Meredith Flory
The same year my husband was in the process of enlisting in the military, I was studying the Bible with a group of women on Wednesday evenings. I don’t remember the exact study, but at one point we were to read a passage in the New Testament about heroes of the faith, probably Hebrews 11. This is a long list of people from the Old Testament who made an impact on history by their faith in an unseen God. We were to choose one person that we admired, felt inspired by, or related to and write about them. I say people, but truth be told, this is primarily a list of men. When a woman is included, the language is passive and is focused on her reproductive power (for example, Sarah “was enabled to bear children,” Heb. 11:11, NIV). While reading, I was drawn to this verse: By fai... Read more
Kara Triboulet
Editor's Note: This is a Top 15 CBE Writing Contest winner. Enjoy! “When you grow up, you can be anything you want to be; anything God desires you to be, no matter who you are,” the director of ministries said. Every Sunday morning before the children were dismissed to their Sunday School classes, they would gather around the stage facing the congregation and listen to a short message from a staff member. This was the message that Sunday. When I heard this statement, I was twenty years old. It wasn’t even directly stated to me, but it threw me into season of confusion and frustration. This wasn’t a statement of hope for me. Instead, this statement had hidden limits attached to it. Limits that nobody around me seemed to have a logical explanation for. I sat i... Read more
Editor's Note: This is a Top 15 CBE Writing Contest Winner. Imagine this scenario with me: A husband in his sixties hurls physical threats and curses at his wife daily. She walks a fine line to avoid aggravating him to the point of violence. The empathy and thoughtfulness that had long been natural between them evaporated. She celebrates important dates without his acknowledgment. He is demanding and seldom shows appreciation; he never says, “thank you,” nor considers the stress he creates. He regularly threatens divorce. He called 911 to have them “take care of her.” This situation escalates over ten years. Would you stay in this marriage? This is my story, but the man I describe is not the same man I married, even though he appears the same and recognizes t... Read more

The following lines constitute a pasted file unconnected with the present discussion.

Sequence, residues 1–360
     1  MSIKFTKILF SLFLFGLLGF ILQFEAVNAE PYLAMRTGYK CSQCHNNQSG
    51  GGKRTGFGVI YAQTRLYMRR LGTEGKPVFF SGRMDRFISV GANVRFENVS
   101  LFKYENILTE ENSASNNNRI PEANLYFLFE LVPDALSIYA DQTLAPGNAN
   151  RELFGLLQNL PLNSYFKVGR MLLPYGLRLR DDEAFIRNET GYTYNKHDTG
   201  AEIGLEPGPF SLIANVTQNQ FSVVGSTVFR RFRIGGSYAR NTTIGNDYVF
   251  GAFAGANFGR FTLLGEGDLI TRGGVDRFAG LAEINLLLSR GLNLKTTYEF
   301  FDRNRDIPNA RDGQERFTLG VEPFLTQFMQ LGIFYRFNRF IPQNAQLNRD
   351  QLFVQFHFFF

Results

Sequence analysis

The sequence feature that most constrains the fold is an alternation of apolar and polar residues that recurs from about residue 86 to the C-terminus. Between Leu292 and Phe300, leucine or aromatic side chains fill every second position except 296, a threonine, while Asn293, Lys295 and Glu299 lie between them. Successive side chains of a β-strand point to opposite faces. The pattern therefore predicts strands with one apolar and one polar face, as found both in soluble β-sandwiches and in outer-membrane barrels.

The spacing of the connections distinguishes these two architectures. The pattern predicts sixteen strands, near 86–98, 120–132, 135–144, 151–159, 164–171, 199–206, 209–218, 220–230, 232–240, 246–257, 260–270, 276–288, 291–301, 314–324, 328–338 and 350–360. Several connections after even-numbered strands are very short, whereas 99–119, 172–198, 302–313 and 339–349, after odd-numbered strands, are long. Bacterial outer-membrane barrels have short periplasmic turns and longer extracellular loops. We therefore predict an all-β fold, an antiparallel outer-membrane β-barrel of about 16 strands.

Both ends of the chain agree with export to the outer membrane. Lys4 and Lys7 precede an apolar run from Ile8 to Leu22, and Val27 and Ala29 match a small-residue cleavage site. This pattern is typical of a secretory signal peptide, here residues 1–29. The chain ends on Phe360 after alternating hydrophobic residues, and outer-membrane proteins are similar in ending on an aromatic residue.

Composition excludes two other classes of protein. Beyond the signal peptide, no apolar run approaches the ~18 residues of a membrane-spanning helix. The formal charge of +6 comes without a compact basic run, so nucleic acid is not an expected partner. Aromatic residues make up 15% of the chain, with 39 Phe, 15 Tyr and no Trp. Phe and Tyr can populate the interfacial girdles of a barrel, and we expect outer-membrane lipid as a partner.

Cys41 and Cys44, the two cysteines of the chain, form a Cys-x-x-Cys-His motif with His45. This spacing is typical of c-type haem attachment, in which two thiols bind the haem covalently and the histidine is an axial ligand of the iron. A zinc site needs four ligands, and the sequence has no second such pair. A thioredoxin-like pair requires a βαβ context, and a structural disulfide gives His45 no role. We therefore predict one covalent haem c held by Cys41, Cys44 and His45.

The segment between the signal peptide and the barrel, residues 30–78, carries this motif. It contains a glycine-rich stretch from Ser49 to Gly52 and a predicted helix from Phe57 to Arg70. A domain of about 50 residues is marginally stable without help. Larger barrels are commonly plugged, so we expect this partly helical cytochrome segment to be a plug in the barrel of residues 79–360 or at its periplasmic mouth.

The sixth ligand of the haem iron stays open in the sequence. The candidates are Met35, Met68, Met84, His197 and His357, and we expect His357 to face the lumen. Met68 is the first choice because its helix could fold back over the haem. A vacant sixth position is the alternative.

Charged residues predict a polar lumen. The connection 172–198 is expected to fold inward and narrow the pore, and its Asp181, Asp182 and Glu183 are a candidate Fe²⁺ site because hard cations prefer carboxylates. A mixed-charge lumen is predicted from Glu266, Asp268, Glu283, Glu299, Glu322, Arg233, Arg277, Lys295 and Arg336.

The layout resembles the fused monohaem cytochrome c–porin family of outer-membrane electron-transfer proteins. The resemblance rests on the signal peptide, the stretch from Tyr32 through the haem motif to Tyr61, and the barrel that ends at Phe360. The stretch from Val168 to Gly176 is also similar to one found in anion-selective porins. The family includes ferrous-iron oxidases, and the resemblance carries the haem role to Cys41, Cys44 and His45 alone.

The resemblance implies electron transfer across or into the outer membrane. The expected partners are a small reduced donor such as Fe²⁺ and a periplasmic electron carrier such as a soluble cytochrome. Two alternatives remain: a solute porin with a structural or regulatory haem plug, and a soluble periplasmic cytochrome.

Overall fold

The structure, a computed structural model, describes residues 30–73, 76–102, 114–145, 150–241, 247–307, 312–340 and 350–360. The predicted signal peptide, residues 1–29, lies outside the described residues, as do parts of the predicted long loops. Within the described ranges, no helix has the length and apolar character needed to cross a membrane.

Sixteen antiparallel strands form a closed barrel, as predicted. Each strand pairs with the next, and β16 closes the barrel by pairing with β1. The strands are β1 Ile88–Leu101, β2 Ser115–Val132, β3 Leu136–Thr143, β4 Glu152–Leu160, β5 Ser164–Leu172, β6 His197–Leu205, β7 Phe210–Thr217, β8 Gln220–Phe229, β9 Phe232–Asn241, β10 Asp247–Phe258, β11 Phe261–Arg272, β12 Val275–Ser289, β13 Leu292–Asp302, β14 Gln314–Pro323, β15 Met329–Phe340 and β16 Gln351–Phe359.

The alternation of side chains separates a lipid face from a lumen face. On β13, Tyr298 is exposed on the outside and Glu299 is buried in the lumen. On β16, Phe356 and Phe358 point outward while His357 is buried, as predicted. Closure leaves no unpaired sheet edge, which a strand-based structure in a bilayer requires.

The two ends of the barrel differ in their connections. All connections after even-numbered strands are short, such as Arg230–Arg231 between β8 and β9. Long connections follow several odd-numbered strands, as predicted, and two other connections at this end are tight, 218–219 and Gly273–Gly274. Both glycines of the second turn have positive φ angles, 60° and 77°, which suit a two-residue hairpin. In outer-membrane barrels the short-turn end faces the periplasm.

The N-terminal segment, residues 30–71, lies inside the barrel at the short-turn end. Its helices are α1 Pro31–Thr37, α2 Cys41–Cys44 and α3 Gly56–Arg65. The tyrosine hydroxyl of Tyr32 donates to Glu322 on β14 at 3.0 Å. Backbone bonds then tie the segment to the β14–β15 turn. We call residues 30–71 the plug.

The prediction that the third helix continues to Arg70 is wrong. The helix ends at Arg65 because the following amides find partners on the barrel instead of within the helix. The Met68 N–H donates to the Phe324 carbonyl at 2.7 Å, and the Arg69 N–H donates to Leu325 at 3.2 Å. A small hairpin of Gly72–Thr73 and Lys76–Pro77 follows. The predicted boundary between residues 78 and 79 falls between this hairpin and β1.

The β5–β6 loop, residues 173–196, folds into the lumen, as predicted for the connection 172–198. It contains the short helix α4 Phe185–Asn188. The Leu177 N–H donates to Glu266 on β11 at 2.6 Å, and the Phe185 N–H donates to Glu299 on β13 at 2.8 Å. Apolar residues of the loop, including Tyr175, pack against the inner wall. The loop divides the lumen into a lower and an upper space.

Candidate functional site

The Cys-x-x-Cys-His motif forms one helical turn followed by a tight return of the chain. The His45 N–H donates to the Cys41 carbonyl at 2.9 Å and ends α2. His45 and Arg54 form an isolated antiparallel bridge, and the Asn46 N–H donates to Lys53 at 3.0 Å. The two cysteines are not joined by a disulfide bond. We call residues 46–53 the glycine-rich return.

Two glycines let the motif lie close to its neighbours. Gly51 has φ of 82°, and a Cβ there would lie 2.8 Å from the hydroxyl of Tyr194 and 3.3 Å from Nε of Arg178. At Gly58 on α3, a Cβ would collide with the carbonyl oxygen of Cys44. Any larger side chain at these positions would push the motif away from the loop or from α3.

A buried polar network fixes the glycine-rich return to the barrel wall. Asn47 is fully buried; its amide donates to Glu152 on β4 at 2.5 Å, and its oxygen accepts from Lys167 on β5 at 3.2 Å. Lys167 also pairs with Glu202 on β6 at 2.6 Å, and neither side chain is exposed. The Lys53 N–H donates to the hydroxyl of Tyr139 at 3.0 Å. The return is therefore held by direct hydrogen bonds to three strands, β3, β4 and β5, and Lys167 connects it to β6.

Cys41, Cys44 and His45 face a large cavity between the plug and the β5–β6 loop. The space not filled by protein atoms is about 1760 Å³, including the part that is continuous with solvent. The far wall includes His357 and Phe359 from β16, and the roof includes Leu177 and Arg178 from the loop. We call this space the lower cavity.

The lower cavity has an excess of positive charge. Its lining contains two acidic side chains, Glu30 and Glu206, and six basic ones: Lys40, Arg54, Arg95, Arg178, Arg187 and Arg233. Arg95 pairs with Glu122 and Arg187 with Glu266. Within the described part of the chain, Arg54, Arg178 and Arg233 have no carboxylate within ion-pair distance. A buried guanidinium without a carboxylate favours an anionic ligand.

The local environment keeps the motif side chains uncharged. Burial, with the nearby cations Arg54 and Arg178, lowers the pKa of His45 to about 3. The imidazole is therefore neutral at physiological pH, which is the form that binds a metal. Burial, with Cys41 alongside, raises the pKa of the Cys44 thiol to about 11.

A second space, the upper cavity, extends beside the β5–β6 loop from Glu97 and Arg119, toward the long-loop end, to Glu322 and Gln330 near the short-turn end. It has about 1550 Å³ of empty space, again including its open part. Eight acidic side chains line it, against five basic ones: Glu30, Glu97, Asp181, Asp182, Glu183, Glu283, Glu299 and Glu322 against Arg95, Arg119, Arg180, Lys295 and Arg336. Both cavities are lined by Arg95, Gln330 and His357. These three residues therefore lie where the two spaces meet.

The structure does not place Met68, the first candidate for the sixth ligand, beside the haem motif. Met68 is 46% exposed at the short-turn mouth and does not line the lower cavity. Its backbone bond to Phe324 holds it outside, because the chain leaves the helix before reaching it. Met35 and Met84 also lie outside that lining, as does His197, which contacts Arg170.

While reflecting on God’s faithfulness throughout 2019, I remembered a recent conversation with Alexia Salvatierra at the Evangelical Theological Society. An internationally recognized community organizer and seminary professor, Alexia remembered Archbishop Desmond Tutu saying once, “We are resurrection people!” Yes, God’s resurrection power is not only our hope, but the power and lift in all of our work at CBE International. God’s risen presence led CBE’s community throughout this year and awakened new empathy and resolve in us to balance power between men and women. I hope the stories I share inspire your faith as they have mine. I enjoy connecting with CBE’s community wherever I travel. While CBE’s community is dive... Read more
Ellen Richard Vosburg
Editor’s Note: The following is an interview CBE International conducted with Kristen Padilla and Tara Beth Leach. Kristen and Tara were two of the organizers of the Day of Prayer for Women in Ministry, which took place on November 17, 2019. In the wake of this event, and with all the excitement it generated, we wanted to hear more from these tenacious church leaders and thought you might like to hear from them, too. Perhaps their example can help us as we all work together to support and encourage women in ministry. Kristen Padilla is a speaker, Bible teacher, wife, and mom, and she serves as the marketing and communications coordinator at Beeson Divinity School. She is the author of Now That I Am Called. Tara Beth Leach is the senior pastor of Pasadena First Church of the Nazarene... Read more